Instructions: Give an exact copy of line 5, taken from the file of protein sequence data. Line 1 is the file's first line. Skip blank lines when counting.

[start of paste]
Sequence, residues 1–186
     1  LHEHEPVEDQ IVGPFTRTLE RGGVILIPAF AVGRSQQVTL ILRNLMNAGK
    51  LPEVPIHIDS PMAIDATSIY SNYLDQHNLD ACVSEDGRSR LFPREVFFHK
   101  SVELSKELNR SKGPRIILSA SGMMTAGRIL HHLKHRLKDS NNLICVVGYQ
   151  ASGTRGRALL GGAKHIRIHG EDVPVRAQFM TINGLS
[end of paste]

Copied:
   151  ASGTRGRALL GGAKHIRIHG EDVPVRAQFM TINGLS